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Escuela de Salud Pública de Menorca
Del 16 al 25 de septiembre de 2019
Llatzeret de Maó (Menorca)
Institut Menorquí d'Estudis - Camí des Castell, 28 - 07702 Maó (Menorca) - Tel. 971 351500 -
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C9

Driving social change and improving health and wellbeing: An introduction to systems resilience. CURSO COMPLETO

Jennie Popay. Lancaster University
Ana Porroche-Escudero. Lancaster University
Llatzeret de Maó
23, 24 y 25 de septiembre de 2019
Del lunes 23 al miércoles 25, de 9.30 a 14.30 h.
The concept of resilience is typically presented as a property of individuals, communities, organizations or service sectors such as the health system. Resilience is understood to be the “capacity to endure, adapt and generate new ways of thinking and functioning” in the context of change, uncertainty or adversity. As evidence of the negative impacts of global recession on social and health inequalities accumulates, health policy attention has turned to the question of how the resilience of communities bearing the brunt of these inequalities can be enhanced. As a consequence, there is a growing call to focus on a systems resilience approach.

There are two typical approaches to enhancing resilience in community medicine and public health. At one end of the spectrum the focus is on self-empowerment and ‘do it yourself’ initiatives, enabling citizens to act for themselves. At the other end of the spectrum, problem solving is characterised by hierarchical decision-making where those at the top determine the priorities. In this course we will look critically at why these dominant approaches to resilience in community medicine and public health are problematic and how they may risk increasing health inequalities. We will examine how work on resilience has failed to engage with issues around power inequalities, control and socio-commercial and political determinants of health and their links with health and disease.

The course will introduce the concept of systems resilience that emphasises releasing the capacities of all the actors, institutions, objects and processes within a neighbourhood system. Participants will reflect what a systems approach might offer to health and wellbeing, individually and collectively. At the end of the course participants will be better equipped to become an agent for change in population health.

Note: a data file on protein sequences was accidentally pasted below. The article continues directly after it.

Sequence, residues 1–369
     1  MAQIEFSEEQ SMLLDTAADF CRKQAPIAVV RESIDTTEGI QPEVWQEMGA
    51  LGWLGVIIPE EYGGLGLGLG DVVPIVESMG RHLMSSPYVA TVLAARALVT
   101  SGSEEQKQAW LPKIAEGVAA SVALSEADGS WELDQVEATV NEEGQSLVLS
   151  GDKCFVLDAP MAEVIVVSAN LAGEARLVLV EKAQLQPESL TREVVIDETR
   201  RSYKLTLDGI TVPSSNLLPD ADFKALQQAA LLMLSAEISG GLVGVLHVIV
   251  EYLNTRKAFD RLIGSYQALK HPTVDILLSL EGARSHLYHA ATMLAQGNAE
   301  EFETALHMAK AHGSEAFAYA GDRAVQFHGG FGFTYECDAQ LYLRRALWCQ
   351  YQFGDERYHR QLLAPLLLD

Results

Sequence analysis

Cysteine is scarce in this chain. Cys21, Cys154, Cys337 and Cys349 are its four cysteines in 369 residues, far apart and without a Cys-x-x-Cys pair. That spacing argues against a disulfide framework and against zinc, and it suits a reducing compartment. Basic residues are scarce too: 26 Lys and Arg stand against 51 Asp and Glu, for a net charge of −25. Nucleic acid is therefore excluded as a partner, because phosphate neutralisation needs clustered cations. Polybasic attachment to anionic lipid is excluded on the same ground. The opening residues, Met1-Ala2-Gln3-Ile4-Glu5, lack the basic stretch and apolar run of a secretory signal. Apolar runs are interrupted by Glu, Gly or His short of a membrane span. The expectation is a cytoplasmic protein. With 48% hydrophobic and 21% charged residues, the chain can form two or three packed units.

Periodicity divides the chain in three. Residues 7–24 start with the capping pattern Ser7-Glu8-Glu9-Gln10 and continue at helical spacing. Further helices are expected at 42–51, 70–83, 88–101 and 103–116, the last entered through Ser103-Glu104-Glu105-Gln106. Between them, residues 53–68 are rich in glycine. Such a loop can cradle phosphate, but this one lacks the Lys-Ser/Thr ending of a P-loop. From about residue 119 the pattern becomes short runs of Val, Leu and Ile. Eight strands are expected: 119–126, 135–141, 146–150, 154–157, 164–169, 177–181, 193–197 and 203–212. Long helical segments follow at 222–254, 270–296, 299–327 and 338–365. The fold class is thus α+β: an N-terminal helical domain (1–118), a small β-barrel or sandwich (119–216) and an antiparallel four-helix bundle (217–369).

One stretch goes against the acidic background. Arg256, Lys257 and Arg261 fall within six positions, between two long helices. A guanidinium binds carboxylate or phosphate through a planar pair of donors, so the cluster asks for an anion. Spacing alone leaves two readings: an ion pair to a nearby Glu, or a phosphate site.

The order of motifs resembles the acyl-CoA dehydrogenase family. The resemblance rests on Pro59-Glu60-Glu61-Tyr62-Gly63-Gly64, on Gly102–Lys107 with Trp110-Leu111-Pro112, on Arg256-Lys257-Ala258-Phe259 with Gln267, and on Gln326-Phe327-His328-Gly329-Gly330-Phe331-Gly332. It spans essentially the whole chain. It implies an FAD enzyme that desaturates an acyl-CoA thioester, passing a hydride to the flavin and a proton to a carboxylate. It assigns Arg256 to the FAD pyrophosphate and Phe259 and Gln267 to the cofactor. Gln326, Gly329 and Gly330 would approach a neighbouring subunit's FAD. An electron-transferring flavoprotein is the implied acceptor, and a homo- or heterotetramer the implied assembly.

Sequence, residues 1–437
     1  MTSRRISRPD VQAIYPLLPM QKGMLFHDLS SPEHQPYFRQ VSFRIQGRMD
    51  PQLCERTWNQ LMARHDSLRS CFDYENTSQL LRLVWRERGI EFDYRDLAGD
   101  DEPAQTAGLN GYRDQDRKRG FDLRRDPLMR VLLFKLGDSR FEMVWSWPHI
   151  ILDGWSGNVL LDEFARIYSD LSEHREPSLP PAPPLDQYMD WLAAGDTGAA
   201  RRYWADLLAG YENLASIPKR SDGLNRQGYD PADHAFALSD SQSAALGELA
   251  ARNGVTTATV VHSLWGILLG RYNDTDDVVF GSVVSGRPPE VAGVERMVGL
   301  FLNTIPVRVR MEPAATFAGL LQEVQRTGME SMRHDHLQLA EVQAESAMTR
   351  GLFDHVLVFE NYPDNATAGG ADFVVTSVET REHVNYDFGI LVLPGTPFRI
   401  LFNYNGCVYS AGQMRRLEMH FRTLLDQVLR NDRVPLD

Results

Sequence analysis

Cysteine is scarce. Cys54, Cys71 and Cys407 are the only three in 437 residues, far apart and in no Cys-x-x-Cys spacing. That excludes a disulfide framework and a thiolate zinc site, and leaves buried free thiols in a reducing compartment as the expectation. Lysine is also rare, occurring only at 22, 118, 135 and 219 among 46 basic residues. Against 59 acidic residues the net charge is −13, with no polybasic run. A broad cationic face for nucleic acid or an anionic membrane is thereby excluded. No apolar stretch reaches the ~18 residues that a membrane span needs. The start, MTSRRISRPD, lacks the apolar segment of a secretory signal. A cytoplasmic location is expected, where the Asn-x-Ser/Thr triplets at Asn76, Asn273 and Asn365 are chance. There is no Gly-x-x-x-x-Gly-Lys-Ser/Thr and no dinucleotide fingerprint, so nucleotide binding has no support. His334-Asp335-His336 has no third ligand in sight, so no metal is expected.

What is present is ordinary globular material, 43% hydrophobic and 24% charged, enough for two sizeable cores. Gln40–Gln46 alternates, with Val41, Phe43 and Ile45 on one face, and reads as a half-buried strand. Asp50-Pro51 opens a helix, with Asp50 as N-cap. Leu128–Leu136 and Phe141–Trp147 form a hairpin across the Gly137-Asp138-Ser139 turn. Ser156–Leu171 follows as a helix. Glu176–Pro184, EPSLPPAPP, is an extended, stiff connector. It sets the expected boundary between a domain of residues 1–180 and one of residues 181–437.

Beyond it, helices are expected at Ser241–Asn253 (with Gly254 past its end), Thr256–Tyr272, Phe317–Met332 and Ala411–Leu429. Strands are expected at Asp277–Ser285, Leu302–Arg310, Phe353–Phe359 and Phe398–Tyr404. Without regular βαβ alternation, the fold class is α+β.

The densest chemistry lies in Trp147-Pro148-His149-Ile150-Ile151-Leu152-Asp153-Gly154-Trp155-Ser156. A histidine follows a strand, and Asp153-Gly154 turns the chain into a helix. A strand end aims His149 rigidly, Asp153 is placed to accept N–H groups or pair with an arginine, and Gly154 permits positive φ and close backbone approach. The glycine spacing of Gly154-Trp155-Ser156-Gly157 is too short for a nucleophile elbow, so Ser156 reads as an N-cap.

How will you learn

The course is interactive and participatory and includes theoretical and conceptual and experiential learning. Teaching methods include presentations, discussions, hands-on exercises, case studies and groupwork. Prior to the course you will be asked to think of a specific project you are working with and its relationship to the concept of system resilience.
1. To gain a deeper awareness and understanding of diferent meanings of resilience in relation to public health and community health.
2. To understand how (em)power(ment) and “control over destiny” are influenced by the social, commercial and political determinants of health.
3. To understand how power inequality and “control over destiny” affects health and disease, individually and collectively.
4. To explore the implications of dominant approaches to resilience for health inequalities.
5. To become familiar with the concept of systems resilience.
6. To be able to identify steps, tools, methodologies and stakeholders to enhance system resilience.
7. To be able to apply these considerations to analyse, design and evaluate system-based projects and interventions with greater potential to impact upon more people across the social gradient.
Day 1. Building resilience awareness

In this session we will introduce the concept of resilience. Participants will consider ways in which resilience is affected by issues of power and control.

1. Introductions
2. Expectations
3. What is resilience?
4. Individual resilience, community resilience
5. Power inequality and social, commercial and political determinants of health
6. Resilience, power and control

Day 2. Approaches to resilience in public health and policy

This session presents a number of approaches to building resilience from diferent parts of the world. It analyses myths, facts and impacts of each of these on health inequalities. We will also introduce the concept of systems resilience.

Day 3. Strategies for building systems resilience

The activities in this session are designed to support workshop participants to use their analytical skills and adquired understanding of systems resilience to analyse, design, and evaluate projects and/or interventions that have the potential to contribute to reducing inequalities in health. In this session, participants will use the Health Inequalities Assessment Toolkit (http://www.hiat.org.uk/) to assess risk of increasing inequalities and to consider how to design projects and/or interventions in a way that have greater potential for more people across the social gradient.
This workshop is appropriate for graduate students, postdoctoral fellows, researchers, a wide range of professionals including policy makers, healthcare professionals, commissioners, donors, social change agents, charity and voluntary sector workers and anyone interested in promoting resilience.
150 euros
Idioma del curso: inglés



Inscripciones

 
SOCIAL MEDIA
           
Organizan:

Consell Insular de Menorca GOIB UIB UIMP
Colaboran:

GOIB
Institut Menorquí d'Estudis - Camí des Castell, 28 - 07702 Maó (Menorca) - Tel. 971 351500
Govern de les Illes Balears Gobierno de España Gobierno de España